6. Keep abreast of market rents. One of the biggest challenges for most rental property owners is determining the proper rent to charge tenants for newly renovated rental units. But finding the right rental rate simply requires some homework and research. The best indications of the market value of your renovated property can be found through a market survey of comparable properties.
7. Recover renovation dollars through refinancing. A key element of the get-rich-right strategy is to keep your capital working and use leverage reasonably while maintaining sufficient equity to weather the ups and downs of local real estate cycles. Acquiring and renovating your rental property required cash, but you also have increased the income, which has created additional value. You can now use this increased value to refinance the property to cover your initial costs. While you should avoid borrowing too much and overleveraging your investments, you also don’t want to be too conservative and underestimate your cash needs. Borrow extra money or have an untapped line of credit available to allow for reserves.
8. Reposition property with better tenants. One of the best ways to increase the income and value of your newly renovated real estate investment is to reposition the property with new, more financially qualified tenants. Look to upgrade your tenants by marketing to a new target tenant profile and re-leasing the property. After all, the current tenants may be the reason that the previous owner sold the property.
9. Refinance or sell and defer again. Notwithstanding the decline in property values in most areas in the late-2000s, long-term rental property owners find that they have a considerable amount of equity tied up in their property because of the appreciation that has occurred over the decades throughout much of the country. Having some equity in the property is good and keeps you from faltering should the local real estate economics take a hit, but too much equity just sitting in a property lowers your overall returns.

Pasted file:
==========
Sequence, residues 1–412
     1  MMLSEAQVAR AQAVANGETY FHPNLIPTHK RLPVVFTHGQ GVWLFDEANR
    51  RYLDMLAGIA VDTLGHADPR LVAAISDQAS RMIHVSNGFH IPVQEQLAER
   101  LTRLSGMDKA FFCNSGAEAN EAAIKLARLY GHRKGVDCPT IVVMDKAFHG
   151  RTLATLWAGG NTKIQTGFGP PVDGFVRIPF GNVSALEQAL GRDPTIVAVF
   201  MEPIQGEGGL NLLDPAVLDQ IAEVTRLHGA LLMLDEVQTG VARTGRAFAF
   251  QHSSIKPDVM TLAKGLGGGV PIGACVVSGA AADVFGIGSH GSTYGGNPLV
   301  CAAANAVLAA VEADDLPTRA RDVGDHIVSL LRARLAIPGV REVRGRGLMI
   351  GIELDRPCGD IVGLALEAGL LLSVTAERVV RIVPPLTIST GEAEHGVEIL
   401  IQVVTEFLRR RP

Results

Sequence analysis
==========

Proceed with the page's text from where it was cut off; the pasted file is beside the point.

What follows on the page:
10. Consolidate holdings into larger properties. Most long-term real estate investors find that they reach the point where their management responsibilities and duties no longer conform to the lifestyle that they can afford. They decide to simplify their lives and hire professional property managers to deal with tenants, turnover, toilets, and trash. But finding and paying for a qualified property manager for a diversified portfolio of small rental properties isn’t easy or cost-effective.

“In our experience, successful real estate investors tend to be savvy, hard working, conscientious individuals who enthusiastically perform comprehensive due diligence before buying a property,” says Tyson. “They don’t reinvent the wheel with each deal, because they know their market niche, personal skills, and available resources. They have a vision and use their tried-and-true game plan for each property. “If you develop these skills, you can uncover unique properties with value-added potential that are often missed by others,” he concludes. “So, take advantage of today’s buyer’s market, and get started now.”

About the Authors:
Eric Tyson, MBA, is one of the nation’s best-selling personal finance book authors and has penned five national bestsellers. His work has been featured and quoted in hundreds of local and national publications and media outlets. He was also a featured speaker at a White House conference on retirement planning.

Robert S. Griswold, MSBA, is a successful real estate investor and hands-on property manager with a large portfolio of residential and commercial rental properties who uses print and broadcast journalism to bring his many years of experience to his readers, listeners, and viewers.